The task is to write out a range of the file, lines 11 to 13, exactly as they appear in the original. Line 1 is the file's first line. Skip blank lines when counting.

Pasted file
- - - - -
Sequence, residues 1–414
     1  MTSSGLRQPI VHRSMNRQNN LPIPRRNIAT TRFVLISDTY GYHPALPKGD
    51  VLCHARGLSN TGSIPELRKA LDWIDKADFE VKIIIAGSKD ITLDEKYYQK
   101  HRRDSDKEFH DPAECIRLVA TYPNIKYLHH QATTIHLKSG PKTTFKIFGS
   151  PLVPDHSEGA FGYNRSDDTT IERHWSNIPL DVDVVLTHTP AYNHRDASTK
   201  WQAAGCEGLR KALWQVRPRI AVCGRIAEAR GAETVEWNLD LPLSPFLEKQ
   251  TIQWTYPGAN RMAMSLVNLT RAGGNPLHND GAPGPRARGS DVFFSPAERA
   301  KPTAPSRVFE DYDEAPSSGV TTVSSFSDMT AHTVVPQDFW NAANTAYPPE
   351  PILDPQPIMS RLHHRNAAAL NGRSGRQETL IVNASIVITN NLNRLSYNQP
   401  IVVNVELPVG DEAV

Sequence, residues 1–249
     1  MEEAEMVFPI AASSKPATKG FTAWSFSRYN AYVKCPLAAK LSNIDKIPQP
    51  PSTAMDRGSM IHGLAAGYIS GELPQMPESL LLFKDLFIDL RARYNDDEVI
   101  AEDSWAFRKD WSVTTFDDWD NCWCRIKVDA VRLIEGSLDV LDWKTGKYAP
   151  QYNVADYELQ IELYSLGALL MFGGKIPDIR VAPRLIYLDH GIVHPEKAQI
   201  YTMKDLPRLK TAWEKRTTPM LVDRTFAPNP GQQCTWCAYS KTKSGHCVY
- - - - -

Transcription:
Sequence, residues 1–249
     1  MEEAEMVFPI AASSKPATKG FTAWSFSRYN AYVKCPLAAK LSNIDKIPQP
    51  PSTAMDRGSM IHGLAAGYIS GELPQMPESL LLFKDLFIDL RARYNDDEVI